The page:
200 Pristine Business Cards

They flutter into the garbage like snow flurries, except unlike New York snow, they don’t melt.

Neither do the stack of pads, three of which I save for writing important memos to my roommate (From the office of Subway Philosophy: $20 FOR ELECTRIC BILL – CLEAN UP YOUR COORS LIGHT CANS).

This was my first job out of college. So long, I’m moving on. And maybe the age thing, a personal issue of mine, freaks me out. Maybe the fact that I’m starting to write my own living will and I want a Roth IRA is unhealthy.

“You’re only 23?” the new woman asks, eying my window over Madison Avenue, squinting at my job title. “You’re a baby!”

And it’s a hang-up, sure, when I end up on a date with an almost-thirty financial something something who lives in a one-bedroom-door-man building downtown. It’s a hang-up when I find myself drinking with my coworkers in their late 20s and 30s and they barely remember college. It’s a hang-up meeting with authors at my publishing house who expect an adult and meet me, little me, who may or may not have baby fat, and who certainly expected someone older than their grandchild.

“You’re an old soul,” the department assistant tells me, almost three years older, sorting the mail. Perhaps.

“You’re worldly,” says my friend, and I have no idea what that means.

I have always struggled with plot. Read my writing, it’s all there, the character development, the clever line breaks, the lexicographical flourish. But the plot just plods. When I was younger and shamefully able to throw rocks, I had excuses. I had barely lived, I reasoned. And I rested on that (most likely American idiomatic) phrase: You can only write what you know.

I knew nothing, it was true.

“Worldly?” I ask, “You mean I have insurance?”

You mean I made it through so much death in so few months, all of that drinking, half of the drugs, and that devastating break-up that most likely rendered me unable to properly dream? Was it Europe? Was it those mushrooms? The blood work? The cancer scare? The other cancer scare? The board meetings? The law student? The subway? The sex in the dark with my leg twisted and throbbing? The ex-co-worker who bit my lip in the storage closet with all of the books? The silence? The car alarms? The day I decided to quit biting my nails?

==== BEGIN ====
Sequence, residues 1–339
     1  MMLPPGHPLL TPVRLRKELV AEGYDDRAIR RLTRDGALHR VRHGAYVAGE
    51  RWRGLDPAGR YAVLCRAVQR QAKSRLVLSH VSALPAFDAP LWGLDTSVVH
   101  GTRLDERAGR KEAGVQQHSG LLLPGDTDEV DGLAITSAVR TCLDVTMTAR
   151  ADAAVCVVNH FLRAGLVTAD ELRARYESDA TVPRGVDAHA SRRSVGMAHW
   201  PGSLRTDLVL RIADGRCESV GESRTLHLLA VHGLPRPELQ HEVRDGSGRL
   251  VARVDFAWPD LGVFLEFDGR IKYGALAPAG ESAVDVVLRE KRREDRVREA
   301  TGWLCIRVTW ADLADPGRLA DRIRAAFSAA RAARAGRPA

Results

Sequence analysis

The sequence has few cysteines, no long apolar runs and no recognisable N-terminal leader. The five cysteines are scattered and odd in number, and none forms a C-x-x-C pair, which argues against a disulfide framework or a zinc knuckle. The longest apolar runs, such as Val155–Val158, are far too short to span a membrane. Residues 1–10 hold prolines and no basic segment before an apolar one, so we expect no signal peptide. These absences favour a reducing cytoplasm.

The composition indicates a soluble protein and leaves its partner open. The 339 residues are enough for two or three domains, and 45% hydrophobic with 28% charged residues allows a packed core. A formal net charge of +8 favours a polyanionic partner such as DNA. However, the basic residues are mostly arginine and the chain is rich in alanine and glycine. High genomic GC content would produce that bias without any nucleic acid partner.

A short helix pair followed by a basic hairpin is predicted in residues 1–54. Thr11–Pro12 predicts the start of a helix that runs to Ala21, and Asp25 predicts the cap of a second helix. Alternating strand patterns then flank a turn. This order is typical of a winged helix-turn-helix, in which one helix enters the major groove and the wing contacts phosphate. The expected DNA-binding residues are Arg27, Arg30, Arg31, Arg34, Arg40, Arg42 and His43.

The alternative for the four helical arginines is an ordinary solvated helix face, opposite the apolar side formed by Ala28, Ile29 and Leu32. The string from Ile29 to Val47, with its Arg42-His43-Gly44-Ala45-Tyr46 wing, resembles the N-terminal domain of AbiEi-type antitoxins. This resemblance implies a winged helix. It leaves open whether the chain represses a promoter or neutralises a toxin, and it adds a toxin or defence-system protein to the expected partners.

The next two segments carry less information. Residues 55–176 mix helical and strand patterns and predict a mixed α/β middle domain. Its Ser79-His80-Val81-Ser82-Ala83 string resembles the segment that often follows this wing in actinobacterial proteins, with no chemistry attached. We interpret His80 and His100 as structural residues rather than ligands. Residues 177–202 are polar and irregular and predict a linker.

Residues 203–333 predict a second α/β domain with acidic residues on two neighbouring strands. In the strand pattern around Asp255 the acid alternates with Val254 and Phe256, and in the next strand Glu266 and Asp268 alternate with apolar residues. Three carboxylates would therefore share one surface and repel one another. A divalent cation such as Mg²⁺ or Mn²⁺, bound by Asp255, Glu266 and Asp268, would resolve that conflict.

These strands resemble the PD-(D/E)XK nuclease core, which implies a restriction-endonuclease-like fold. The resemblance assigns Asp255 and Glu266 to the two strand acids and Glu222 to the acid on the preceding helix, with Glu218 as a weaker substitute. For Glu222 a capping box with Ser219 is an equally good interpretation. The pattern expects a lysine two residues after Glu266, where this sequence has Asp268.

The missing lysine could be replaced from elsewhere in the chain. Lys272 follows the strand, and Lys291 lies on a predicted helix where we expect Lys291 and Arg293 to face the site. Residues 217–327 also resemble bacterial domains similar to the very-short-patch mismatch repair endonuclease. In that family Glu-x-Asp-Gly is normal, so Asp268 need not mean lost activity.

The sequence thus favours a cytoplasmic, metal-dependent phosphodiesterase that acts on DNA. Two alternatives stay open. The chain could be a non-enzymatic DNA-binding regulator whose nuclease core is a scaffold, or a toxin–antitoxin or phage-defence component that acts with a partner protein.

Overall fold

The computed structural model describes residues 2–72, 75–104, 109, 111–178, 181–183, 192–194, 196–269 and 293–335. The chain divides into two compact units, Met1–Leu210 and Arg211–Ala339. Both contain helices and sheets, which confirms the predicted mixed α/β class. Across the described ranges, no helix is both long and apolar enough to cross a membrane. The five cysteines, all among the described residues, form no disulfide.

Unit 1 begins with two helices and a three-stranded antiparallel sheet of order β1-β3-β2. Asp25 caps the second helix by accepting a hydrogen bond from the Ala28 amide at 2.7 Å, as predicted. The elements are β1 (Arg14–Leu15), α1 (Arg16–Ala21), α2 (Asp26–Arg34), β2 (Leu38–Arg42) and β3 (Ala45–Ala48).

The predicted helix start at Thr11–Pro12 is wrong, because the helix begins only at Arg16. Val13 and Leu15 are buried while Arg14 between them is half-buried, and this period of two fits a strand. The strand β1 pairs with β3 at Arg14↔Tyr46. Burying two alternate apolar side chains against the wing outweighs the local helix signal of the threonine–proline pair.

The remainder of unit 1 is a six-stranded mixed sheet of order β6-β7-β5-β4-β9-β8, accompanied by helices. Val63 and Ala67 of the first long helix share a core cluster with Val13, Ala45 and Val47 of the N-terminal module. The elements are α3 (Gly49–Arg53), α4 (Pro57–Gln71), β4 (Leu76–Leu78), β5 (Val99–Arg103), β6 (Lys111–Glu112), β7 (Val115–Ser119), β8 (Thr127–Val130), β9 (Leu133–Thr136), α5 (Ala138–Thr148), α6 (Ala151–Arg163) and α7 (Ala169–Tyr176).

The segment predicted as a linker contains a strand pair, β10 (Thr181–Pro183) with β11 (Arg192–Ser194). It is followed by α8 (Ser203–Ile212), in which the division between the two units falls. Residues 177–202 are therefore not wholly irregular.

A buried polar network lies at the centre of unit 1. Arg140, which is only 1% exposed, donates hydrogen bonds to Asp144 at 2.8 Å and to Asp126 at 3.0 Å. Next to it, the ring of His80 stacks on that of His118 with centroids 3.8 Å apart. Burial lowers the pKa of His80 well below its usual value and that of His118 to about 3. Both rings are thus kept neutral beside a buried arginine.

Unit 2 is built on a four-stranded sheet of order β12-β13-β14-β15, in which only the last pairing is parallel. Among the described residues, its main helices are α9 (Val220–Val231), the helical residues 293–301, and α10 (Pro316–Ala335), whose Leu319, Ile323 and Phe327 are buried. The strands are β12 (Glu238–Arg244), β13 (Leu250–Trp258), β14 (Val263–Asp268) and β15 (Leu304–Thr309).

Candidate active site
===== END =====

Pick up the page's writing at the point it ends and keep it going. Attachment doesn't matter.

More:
I will never read most of these books. I will messenger a box to my apartment and stack them on my overflowing shelves and pray they don’t crush my red wine glasses.

My roommate will spill beer on the pads.

The 200 pristine business cards will be shredded with documents and magazines and bank account numbers and will soon be recycled into a green birthday card just one year older and no, maybe not wiser at all.

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3 responses to “200 Pristine Business Cards

  1. Plot isn’t everything . . .

    . . . but, if you’re still hung up, let go.

  2. Lovely entry.

    That’s the beauty of it–that you don’t have plot, you have everything else, and that makes your plot. There is nothing more refreshing than natural innovation.

  3. What do the cards look like?

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